Colorectal Cancer


Colorectal cancer is the second leading cause of cancer death in the United States. The disease strikes both men and women, and women account for roughly half of the 143,000 new cases diagnosed each year.

The colon and rectum are parts of the body’s digestive system and together form a long, muscular tube called the large intestine. The colon is the first 6 feet of the large intestine and the rectum is the last 8 to 10 inches.

Colorectal cancer begins in cells that line the colon or rectum. If detected early, cancer cells may only be found in the colon or rectum. If not detected early, the cancer may invade adjacent organs and spread through the lymph and blood systems throughout the body to the liver, lungs, and other organs.

Prevention and Screening

The chance of an individual developing cancer depends on both genetic and non-genetic factors. A genetic factor is an inherited, unchangeable trait, whereas a non-genetic factor is a variable in a person’s environment, which can often be changed. Non-genetic factors may include diet, exercise, or exposure to other substances present in our surroundings.

Hereditary or Genetic Factors

People with a personal or family history of adenomatous polyps or familial adenomatous polyposis (FAP) are at an increased risk for developing colorectal cancer. Adenomatous polyps are non-cancerous tumors that grow in the colon or rectum and can become cancerous, ultimately developing into colorectal cancer. Familial adenomatous polyposis (FAP) is a genetic disease that causes hundreds of adenomatous polyps to form in the colon or rectum. FAP most often affects adolescents and young adults, many of whom develop colorectal cancer at an early age.

Hereditary nonpolyposis colorectal cancer (HNPCC) is a genetic syndrome caused by mutation in one of several genes. HNPCC accounts for about 3 to 5 percent of all colorectal cancer. With HNPCC, people generally develop a single colorectal cancer rather than an unusual number of polyps, as in FAP. Individuals with the HNPCC gene mutations have an 80 percent lifetime risk of developing colorectal cancer.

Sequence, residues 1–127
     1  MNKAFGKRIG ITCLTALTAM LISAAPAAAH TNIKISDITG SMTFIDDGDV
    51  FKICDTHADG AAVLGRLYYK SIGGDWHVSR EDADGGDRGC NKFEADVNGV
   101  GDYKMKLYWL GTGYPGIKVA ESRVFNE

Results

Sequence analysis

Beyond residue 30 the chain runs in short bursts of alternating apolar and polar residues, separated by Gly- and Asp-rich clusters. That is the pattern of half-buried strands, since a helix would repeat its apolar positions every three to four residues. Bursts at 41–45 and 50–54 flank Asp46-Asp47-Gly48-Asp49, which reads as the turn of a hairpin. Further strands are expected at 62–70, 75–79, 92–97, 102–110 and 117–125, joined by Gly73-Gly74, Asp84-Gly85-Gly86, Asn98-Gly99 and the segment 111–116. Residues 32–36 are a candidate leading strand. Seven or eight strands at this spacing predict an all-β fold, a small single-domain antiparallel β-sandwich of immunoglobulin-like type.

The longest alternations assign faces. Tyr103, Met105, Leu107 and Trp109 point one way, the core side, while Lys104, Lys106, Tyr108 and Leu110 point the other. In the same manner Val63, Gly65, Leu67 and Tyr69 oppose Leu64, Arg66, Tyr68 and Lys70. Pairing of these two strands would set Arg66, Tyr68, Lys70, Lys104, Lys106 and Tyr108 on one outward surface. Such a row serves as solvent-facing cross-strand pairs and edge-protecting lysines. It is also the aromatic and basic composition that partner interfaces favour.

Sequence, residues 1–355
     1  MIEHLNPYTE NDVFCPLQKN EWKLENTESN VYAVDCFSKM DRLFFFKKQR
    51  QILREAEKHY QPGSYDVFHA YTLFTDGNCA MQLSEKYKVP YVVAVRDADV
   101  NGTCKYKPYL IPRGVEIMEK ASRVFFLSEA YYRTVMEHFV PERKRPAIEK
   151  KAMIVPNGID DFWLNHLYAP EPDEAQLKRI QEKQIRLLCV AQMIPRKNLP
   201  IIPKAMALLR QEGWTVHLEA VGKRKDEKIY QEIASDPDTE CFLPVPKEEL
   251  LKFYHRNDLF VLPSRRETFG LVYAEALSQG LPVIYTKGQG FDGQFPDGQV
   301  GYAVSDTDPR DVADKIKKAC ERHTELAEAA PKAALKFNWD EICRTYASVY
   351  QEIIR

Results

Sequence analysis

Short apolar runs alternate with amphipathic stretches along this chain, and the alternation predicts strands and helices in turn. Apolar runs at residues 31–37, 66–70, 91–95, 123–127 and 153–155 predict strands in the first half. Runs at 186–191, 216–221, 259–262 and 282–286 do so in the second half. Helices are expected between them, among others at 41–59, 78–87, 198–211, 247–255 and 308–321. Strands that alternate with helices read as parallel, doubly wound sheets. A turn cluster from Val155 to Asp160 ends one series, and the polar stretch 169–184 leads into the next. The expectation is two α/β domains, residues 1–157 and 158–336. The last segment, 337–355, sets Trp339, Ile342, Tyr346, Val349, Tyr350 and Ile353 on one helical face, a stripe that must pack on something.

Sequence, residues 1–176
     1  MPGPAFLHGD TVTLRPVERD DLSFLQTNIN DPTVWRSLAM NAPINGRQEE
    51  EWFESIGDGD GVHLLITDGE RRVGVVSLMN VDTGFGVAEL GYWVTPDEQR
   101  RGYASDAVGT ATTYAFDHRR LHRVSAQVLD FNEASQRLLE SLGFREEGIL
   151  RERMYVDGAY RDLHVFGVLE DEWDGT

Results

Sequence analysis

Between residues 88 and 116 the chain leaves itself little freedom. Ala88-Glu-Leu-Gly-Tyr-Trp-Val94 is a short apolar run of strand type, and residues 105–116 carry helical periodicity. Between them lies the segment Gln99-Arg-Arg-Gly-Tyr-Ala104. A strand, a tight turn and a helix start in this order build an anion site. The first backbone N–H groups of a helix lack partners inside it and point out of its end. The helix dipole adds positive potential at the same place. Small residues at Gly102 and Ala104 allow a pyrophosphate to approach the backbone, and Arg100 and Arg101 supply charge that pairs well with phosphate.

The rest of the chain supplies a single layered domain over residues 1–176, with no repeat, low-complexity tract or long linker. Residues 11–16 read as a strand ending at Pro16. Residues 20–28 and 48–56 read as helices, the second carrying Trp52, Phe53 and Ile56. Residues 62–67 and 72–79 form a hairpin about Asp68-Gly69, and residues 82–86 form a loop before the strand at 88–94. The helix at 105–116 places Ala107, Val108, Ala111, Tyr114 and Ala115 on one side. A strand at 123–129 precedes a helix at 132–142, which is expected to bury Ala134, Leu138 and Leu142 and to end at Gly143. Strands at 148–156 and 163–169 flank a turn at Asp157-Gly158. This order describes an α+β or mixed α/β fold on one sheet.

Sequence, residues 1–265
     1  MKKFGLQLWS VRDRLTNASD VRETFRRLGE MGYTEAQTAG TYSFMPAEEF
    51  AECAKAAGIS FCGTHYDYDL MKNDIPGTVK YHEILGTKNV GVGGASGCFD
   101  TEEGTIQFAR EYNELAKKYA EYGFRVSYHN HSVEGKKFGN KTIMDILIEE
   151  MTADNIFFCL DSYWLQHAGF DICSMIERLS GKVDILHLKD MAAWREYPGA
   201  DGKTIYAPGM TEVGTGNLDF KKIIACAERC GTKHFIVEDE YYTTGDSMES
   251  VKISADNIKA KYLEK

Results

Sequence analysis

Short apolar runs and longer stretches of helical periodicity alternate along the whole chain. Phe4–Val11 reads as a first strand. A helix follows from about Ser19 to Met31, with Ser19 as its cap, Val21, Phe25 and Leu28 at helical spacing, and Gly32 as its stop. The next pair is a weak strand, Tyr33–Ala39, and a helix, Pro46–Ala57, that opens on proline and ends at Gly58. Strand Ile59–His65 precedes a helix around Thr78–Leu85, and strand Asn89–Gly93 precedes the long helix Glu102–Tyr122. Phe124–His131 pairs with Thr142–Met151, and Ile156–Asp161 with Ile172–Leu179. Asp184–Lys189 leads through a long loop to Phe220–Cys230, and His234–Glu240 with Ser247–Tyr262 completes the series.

Individuals with a family history of colorectal cancer or colorectal adenomas (polyps) also have an increased risk of developing colorectal cancer, as do those with a personal history of either of these conditions. In addition, people suffering from inflammatory bowel disease have a greater chance of developing colorectal cancer.

Environmental or Non-Genetic Factors

Diet: Studies have suggested that high intake of red meat or alcohol increases the risk of colorectal cancer.

Obesity: Obesity has consistently been linked with an increased risk of colon cancer in men. The extent to which obesity influences colon cancer risk in women is less clear, although larger waist circumference has been linked with increased colon cancer risk in both men and women.

Smoking: Studies of the link between tobacco and risk of colorectal cancer have been inconsistent. A pooled analysis of the Women’s Health Initiative studies found an increased risk of rectal cancer among smokers, but no increased risk of colon cancer. Some previous studies, however, have reported a link between smoking and colon cancer.


Exercise: Numerous studies have demonstrated that regular physical activity reduces the risk of colorectal cancer. Talk with your doctor before starting an exercise program.

Healthy body weight: Achieving and maintaining a healthy body weight may reduce the risk of several types of cancer, including colorectal cancer.

Detection and Treatment of Precancerous Polyps: For cancers such as breast cancer, screening does not prevent the development of the cancer; instead, screening detects the cancer at an early stage when treatment is most likely to be successful. In the case of colorectal cancer, however, screening can sometimes prevent the development of cancer by identifying precancerous polyps. Removing these polyps can prevent the later development of cancer.

Colorectal cancer screening tests are described in more detail below.

Nonsteroidal Anti-inflammatory Drugs (NSAIDS): NSAIDS (drugs such as aspirin and ibuprofen) are used to reduce inflammation and pain. Studies have suggested that NSAIDS may reduce the risk of colorectal cancer. The potential benefits of regular use of these drugs, however, must be weighed against the potential risks. In 2007, the U.S. Preventive Services Task Force (USPSTF) recommended against routine use of aspirin or other NSAIDS for the prevention of colorectal cancer in individuals at average risk of the disease.